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Balance factor for a twin flywheel?

Vincent Brake

Well Known and Active Forum Website User
VOC Member
Hi All,
does anybody know a balance factor for a twin flywheel, and its effect when I lower or increase the factor, for nowadays everybody sells a piston but they can differ up to 100 gr in weight, and I like to know whats what.:D
Thanx in advance for any advise
Regards
Vincent
 

nobby

Well Known and Active Forum Website User
VOC Member
Hi Vincent,
I am not technical enough to help you, but this thread maybe can! Only 252 messages, take a cop of coffee (or a pint of beer) and have some quality reading!
 
Last edited:

davidd

Well Known and Active Forum Website User
VOC Member
Vincent,

My crude understanding of balance factors would start with the extremes. At 0% balance factor all of the vibration would be up and down. At 100% all the vibration would be fore and aft. Like many things, what you are looking for is a compromise that works best with the engine design. For example, a lay down engine (like the Guzzi Falcone) would be happy with 20-30% balance factor and a vertical single could do well with 70%. If you reversed these, you would experience wild vibration that would probably cause frame damage.

It may now be easier to see why 46-50% is a good balance factor for a V-twin. With each engine design the exact number is based on a lot of experimentation and many engine builders have a number that they prefer based on experience, like TimeTraveller.

Regarding piston weights, I was told that the range of pistons available from the Factory was aproximately 100 grams from low to high compression, which would not require re-balancing the wheels. I do not know if this is true, or only true for street engines. Maybe someone on the forum knows.

David
 

bmetcalf

Well Known and Active Forum Website User
VOC Member
Thanks. I think Robert Watson has a link (which I've managed to lose twice) to an Italian university site that shows diagrams of various engine types and the direction and magnitude of the forces as they rotate and illustrates the up & down and fore & aft directions you mention.

I worked for a company that made vibrating conveyors http://www.niroinc.com/drying_dairy_food/vibro_fluidizer.asp that had a motor driven eccentric weight shaft underneath that had to be timed accurately to produce the horizontal shaking to move the powder in the right direction.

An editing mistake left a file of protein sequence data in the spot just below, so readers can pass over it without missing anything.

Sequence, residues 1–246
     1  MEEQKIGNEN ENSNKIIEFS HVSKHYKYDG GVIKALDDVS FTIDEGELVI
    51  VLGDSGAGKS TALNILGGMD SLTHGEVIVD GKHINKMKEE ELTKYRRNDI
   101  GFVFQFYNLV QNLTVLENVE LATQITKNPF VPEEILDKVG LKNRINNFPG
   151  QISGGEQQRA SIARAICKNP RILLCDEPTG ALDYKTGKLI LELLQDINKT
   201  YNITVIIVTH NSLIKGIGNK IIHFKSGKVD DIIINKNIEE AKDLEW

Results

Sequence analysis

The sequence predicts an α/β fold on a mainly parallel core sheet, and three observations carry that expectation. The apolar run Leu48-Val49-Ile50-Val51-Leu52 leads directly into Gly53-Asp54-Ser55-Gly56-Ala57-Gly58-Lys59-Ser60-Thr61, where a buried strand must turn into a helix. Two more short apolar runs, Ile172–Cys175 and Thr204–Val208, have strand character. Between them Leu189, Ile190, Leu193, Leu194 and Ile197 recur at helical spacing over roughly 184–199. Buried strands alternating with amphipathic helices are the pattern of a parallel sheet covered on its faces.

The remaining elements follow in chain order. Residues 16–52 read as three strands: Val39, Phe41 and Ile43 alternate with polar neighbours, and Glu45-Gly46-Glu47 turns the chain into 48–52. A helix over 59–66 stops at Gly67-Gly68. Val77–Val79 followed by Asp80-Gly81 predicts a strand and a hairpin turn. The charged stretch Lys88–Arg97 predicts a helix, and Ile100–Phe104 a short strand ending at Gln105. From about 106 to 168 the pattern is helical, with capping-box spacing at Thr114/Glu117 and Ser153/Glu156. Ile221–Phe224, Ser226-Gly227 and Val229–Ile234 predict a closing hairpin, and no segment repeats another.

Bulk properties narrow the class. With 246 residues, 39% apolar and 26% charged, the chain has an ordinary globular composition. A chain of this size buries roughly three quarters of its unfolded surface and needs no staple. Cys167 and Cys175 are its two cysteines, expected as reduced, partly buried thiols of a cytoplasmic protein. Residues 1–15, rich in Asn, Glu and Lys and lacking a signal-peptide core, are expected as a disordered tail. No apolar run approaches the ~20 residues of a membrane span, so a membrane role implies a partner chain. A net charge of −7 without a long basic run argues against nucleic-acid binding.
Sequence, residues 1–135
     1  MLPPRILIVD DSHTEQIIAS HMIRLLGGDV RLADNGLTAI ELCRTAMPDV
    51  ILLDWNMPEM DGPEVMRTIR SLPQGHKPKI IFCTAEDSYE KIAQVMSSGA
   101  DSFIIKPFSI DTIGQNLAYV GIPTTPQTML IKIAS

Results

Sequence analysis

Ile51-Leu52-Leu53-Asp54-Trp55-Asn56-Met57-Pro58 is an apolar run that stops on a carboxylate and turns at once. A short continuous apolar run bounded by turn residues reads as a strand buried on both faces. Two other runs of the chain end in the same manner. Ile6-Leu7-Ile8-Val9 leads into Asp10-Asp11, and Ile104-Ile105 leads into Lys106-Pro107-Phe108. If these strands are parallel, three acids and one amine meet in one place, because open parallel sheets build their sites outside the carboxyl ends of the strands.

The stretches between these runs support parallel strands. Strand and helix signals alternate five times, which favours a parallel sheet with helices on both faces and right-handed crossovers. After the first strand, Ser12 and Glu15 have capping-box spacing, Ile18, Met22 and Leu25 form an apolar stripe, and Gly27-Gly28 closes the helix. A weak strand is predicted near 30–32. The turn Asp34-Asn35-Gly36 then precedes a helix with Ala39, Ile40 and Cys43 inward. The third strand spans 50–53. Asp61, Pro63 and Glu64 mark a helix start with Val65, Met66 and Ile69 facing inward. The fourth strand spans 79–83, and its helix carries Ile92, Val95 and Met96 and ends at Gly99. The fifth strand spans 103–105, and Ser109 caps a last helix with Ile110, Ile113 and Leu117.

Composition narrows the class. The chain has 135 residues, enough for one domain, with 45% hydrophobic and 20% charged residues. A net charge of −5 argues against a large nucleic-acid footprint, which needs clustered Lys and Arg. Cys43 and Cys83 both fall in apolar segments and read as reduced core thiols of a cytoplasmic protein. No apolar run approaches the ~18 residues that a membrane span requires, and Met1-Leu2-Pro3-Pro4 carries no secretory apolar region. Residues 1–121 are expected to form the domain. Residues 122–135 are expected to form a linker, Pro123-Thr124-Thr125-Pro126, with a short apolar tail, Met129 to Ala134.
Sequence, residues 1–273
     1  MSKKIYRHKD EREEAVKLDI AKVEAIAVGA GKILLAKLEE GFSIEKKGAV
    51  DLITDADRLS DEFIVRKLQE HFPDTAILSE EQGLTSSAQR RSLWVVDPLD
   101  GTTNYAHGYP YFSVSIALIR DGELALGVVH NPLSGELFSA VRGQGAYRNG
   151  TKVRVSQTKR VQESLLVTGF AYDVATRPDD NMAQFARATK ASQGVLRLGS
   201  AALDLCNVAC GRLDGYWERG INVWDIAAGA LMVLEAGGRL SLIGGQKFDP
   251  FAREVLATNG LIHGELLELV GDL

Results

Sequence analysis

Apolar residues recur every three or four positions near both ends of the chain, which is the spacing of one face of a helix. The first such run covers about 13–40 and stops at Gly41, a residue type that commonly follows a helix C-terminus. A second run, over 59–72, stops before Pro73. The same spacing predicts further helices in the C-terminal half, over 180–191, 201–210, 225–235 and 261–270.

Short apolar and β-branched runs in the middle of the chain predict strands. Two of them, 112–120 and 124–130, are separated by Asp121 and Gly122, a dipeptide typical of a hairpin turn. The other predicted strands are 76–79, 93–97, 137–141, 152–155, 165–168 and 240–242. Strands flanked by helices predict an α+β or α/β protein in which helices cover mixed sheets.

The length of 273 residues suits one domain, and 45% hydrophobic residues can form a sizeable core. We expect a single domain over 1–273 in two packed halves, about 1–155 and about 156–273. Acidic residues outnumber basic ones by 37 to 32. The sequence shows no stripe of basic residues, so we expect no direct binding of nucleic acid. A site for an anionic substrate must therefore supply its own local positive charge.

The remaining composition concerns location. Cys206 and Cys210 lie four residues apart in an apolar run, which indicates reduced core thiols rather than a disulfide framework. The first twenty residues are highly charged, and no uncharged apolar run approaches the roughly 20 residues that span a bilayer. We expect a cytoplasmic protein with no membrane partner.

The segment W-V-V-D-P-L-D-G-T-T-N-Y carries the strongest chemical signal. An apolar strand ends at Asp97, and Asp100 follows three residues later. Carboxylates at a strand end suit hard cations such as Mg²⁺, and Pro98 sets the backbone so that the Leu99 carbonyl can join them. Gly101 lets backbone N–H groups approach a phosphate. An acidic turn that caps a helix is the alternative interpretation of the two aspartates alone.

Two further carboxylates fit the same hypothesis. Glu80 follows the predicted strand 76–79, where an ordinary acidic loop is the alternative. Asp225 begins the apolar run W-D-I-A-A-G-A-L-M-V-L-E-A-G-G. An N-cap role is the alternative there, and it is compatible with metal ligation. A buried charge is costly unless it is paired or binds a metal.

Vincent Brake

Well Known and Active Forum Website User
VOC Member
Thanx

Thanx very much guys,
I will do some math, then point my finger into the air and pick a value, assemble the lot accordingly and drive and see what it does, then do the same but an other figure with a new engine, and see again (keeps me bussy):cool:
Vincent Speet
 

riptragle1953

Well Known and Active Forum Website User
Non-VOC Member
This is a sticky wicket with the Vin.... usually in the range of 45 to 55 is quite usable.... but as far as ideal or perfect.... that can depend on so many things, like an Egli frame for example. But, most vibration problems with a Vin
have nothing to do with the balance at all.... the usual culprit is poorly fitted main bearings: a bearing is as only as good as it's housing and with these soft cases I always line bored and fitted aluminum bronze sleeves for dead
true crank alignment and perfectly round bearings using a .0006" to .0008" radial clearance.
 

jim burgess

Well Known and Active Forum Website User
Non-VOC Member
Hi All,
does anybody know a balance factor for a twin flywheel, and its effect when I lower or increase the factor, for nowadays everybody sells a piston but they can differ up to 100 gr in weight, and I like to know whats what.:D
Thanx in advance for any advise
Regards
Vincent
Find a competent man and send the work to him. Balance to 46%. But be warned, your rods are highly likely to be of different weights and no longer a matched pair. I found this out the hard way.... I sent my work to Maughans, I have not yet run the engine so do not know how good the outcome is, but maughans will match up rods as best they can.
Jim Burgess
 
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